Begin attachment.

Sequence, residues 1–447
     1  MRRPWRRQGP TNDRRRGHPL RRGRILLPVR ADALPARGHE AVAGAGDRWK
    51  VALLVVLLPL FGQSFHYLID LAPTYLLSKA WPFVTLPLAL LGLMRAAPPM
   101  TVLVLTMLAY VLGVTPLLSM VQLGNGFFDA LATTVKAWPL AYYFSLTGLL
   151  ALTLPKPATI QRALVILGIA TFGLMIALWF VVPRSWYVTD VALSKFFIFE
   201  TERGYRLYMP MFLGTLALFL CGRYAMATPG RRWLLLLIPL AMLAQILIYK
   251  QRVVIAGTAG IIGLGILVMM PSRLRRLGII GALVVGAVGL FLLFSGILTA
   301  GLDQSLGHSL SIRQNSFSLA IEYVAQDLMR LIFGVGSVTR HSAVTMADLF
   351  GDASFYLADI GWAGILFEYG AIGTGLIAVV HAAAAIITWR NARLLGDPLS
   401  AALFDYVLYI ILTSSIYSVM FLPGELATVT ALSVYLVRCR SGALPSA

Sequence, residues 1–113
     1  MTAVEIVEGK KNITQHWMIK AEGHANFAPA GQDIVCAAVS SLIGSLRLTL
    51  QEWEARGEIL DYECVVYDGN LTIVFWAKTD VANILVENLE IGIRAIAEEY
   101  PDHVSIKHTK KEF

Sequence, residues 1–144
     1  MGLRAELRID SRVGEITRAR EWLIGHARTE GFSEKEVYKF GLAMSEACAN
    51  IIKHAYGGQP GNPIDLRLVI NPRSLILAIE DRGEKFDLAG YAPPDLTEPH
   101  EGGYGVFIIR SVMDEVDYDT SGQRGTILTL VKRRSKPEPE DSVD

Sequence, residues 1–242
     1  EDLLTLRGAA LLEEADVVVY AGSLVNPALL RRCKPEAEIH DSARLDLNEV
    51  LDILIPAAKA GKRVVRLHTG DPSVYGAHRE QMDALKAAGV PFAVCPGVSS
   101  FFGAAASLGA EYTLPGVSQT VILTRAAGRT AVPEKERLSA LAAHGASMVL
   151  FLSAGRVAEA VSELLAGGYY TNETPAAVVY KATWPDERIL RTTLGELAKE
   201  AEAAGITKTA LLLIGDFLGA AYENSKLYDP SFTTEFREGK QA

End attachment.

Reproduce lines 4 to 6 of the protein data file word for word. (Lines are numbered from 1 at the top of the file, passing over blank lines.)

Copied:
   101  TVLVLTMLAY VLGVTPLLSM VQLGNGFFDA LATTVKAWPL AYYFSLTGLL
   151  ALTLPKPATI QRALVILGIA TFGLMIALWF VVPRSWYVTD VALSKFFIFE
   201  TERGYRLYMP MFLGTLALFL CGRYAMATPG RRWLLLLIPL AMLAQILIYK